Alternatively, transaction properties can be set from within the Visual Basic development environment. VB6 exposes the MTSTransactionMode property for all classes in an ActiveX DLL project. Because MTS components are always ActiveX DLLs, the MTSTransactionMode property is not available in any other type of project. After a component has been compiled with the appropriate MTSTransactionMode property value, it is no longer necessary to address the transaction properties from the MTS Explorer. It is also worth noting that the component will ignore the MTSTransactionMode property if it is not run in MTS. The possible values for the MTSTransactionMode are as follows:

  • NotAnMTSObject This setting is for components that will not run in MTS.

  • NoTransactions This setting is equivalent to the MTS Explorer setting of Does Not Support Transactions.

  • RequiresTransaction This setting is equivalent to the MTS Explorer setting of Requires a Transaction.

  • UsesTransaction This setting is equivalent to the MTS Explorer setting of Supports Transactions.

  • RequiresNewTransaction This setting is equivalent to the MTS Explorer setting of Requires a New Transaction.

After the transaction support for a component has been set, everything will be in place for a transaction to be started. Depending on the option selected, the transaction will be initiated when the object is instantiated, or it will be instantiated without a transaction. Committing or canceling a transaction is another matter, however. MTS provides the means to these actions through an object’s Context object. The Context object supports transaction features through two methods: SetComplete and SetAbort.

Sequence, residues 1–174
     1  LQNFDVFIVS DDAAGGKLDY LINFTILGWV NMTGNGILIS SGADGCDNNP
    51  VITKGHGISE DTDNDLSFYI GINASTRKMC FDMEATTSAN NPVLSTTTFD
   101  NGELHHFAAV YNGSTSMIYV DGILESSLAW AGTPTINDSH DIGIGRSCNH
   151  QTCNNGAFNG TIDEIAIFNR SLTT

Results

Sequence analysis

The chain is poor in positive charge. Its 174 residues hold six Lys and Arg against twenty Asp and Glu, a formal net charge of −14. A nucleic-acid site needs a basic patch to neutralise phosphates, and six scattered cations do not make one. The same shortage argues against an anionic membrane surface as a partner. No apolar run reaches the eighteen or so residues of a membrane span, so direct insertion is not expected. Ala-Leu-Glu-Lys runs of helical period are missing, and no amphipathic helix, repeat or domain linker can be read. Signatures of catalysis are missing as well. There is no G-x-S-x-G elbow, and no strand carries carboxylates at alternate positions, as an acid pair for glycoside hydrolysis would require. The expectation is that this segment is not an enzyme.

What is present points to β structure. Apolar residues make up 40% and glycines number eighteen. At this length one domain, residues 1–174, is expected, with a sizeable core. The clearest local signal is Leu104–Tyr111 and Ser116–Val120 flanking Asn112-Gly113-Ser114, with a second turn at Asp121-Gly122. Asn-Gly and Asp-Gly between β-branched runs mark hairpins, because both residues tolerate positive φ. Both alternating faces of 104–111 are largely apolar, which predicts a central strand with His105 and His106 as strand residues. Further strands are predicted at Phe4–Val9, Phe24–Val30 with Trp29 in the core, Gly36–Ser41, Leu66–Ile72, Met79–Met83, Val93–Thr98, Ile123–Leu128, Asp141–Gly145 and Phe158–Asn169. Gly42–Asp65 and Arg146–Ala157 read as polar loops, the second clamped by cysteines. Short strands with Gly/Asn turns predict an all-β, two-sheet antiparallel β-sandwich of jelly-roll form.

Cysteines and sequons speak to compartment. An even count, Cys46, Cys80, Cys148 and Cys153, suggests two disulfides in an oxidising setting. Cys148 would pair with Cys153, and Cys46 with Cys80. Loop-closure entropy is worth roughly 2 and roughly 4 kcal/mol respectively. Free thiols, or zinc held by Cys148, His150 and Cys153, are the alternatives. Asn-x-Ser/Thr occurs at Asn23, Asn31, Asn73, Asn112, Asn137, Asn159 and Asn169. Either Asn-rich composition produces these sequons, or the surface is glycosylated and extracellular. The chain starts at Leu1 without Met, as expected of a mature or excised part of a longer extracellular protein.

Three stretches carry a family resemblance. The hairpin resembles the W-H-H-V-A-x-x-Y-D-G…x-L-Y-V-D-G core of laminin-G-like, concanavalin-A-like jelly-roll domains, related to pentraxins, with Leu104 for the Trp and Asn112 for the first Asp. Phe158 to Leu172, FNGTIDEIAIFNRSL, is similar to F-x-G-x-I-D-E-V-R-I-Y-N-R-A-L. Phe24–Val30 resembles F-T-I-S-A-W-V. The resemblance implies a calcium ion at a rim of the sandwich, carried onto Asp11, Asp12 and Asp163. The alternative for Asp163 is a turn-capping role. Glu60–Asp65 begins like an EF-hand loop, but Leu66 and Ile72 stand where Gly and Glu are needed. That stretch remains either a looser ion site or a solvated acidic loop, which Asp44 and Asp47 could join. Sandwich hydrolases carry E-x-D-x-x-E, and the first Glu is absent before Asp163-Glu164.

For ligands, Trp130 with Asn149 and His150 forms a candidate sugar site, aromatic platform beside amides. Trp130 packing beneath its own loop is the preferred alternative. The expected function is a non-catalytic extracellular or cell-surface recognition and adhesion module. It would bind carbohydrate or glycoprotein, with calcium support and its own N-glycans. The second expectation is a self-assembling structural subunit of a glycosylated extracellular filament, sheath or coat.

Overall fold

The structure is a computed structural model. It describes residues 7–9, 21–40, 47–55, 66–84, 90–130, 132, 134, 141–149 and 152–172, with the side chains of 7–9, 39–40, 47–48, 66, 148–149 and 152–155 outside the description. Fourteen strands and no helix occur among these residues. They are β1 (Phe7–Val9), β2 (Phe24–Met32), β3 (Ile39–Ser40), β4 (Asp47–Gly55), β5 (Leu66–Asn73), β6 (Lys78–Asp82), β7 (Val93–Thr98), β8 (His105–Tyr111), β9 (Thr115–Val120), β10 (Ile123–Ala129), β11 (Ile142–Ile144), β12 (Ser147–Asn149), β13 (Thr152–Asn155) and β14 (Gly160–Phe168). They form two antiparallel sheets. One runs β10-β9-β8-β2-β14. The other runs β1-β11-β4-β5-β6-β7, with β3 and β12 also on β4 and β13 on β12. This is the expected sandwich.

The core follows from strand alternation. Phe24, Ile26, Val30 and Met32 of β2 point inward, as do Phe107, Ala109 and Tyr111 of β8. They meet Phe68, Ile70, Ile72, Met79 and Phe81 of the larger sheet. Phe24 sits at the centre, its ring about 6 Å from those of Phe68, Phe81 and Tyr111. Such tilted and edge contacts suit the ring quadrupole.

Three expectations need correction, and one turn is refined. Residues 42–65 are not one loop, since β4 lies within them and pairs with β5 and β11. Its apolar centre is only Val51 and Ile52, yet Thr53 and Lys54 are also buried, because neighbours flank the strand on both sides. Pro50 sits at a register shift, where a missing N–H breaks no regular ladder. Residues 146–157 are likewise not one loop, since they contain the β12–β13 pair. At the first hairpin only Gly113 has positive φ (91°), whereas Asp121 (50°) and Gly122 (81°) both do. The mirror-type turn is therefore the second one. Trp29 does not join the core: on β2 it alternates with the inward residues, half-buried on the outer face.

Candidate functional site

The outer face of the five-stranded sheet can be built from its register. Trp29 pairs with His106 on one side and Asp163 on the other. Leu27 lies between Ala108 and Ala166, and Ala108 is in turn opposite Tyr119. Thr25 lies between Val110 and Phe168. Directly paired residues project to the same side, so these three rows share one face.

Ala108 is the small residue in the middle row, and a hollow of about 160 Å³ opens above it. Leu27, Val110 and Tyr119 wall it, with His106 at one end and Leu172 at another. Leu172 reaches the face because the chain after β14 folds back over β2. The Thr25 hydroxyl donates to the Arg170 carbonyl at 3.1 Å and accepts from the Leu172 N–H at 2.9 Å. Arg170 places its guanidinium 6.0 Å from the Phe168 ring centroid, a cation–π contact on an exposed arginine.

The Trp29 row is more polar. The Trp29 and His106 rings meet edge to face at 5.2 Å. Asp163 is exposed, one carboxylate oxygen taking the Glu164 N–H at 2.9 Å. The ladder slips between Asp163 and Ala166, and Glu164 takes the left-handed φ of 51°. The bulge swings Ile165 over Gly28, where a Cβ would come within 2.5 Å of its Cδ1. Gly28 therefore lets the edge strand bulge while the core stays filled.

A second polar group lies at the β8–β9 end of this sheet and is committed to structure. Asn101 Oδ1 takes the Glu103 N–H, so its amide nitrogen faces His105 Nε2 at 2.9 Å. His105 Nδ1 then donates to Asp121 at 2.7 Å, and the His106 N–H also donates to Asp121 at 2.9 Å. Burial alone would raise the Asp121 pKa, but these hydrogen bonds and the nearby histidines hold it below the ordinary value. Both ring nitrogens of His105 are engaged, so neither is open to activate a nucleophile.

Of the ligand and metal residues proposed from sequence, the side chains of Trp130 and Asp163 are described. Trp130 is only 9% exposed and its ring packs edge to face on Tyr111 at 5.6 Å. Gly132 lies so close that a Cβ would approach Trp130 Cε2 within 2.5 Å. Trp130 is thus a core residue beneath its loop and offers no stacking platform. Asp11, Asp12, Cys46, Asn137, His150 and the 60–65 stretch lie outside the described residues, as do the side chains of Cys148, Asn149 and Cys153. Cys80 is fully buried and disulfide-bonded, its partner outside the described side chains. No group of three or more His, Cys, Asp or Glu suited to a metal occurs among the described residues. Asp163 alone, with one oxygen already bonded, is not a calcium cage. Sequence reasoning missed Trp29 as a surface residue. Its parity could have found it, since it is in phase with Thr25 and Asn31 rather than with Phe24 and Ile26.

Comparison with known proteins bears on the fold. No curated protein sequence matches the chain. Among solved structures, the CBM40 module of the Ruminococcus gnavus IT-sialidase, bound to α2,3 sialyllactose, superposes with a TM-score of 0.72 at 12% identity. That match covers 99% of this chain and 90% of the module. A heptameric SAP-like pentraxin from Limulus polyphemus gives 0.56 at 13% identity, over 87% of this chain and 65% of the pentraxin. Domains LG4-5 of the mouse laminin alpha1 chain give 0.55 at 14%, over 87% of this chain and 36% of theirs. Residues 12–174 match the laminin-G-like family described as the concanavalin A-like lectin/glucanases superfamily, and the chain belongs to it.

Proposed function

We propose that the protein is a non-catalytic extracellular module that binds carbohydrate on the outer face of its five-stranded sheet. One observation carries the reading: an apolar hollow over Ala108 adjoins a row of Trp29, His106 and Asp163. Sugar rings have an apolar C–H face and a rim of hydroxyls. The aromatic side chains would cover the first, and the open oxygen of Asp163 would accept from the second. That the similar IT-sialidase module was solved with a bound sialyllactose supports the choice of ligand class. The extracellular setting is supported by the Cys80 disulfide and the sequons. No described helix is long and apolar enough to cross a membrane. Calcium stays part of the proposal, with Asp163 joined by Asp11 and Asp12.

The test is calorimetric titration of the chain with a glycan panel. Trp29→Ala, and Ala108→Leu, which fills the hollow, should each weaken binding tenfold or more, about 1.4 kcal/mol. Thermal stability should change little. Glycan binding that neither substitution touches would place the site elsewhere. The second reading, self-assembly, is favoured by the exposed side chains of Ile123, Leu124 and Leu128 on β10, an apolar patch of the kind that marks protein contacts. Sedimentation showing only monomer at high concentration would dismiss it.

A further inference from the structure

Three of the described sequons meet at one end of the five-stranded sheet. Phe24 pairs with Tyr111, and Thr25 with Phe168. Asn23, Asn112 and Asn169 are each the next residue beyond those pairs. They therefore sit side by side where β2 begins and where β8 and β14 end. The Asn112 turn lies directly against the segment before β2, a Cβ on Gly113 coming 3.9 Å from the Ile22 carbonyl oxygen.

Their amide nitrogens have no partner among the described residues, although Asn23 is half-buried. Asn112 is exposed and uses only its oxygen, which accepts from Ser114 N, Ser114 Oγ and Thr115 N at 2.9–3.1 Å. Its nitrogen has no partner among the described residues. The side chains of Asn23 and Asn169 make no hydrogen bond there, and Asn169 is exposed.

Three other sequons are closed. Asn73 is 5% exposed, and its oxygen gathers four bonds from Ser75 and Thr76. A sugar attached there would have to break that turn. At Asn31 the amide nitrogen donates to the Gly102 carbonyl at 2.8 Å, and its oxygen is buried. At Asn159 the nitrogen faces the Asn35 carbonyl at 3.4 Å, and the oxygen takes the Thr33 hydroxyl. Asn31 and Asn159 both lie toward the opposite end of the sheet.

If the SetComplete method of an object’s context is called from within the component, a couple of things will happen:

  • The transaction initiated by the object will be committed.

  • The object will release all its current resources, including memory used for properties and variables.

If SetAbort is called, the transaction will be rolled back and resources will be released. It is precisely the use of these methods that turns a regular COM object into a stateless MTS-specific object.

It can easily be seen that calls to these methods must be carefully placed. Generally, SetComplete is called at the end of a method that performs some action on a database, and the action executes successfully. SetAbort might be called if the method fails for any reason.

The following code shows an example of a simple object method that uses SetComplete and SetAbort:

Public Name As String
Public Sub AddName()
Dim oContext As ObjectContext
On Error GoTo ErrorHandler
Set oContext = GetObjectContext()
‘<code to insert name into database>
oContext.SetComplete
Set oContext = Nothing
Exit Sub
ErrorHandler:
‘<code to notify client of error>
oContext.SetAbort
Set oContext = Nothing
End Sub

In the preceding sample code, the class exposes a single property called Name. When the AddName method is called, the object will attempt to add the name to the database. If all the code in the AddName method executes successfully, the object calls SetComplete, which will instruct MTS to commit the transaction and release the resources associated with this object. If for any reason an error occurs, the error handler will notify the caller of the error and call SetAbort. The MTS runtime environment will roll back the transaction and release the object’s resources.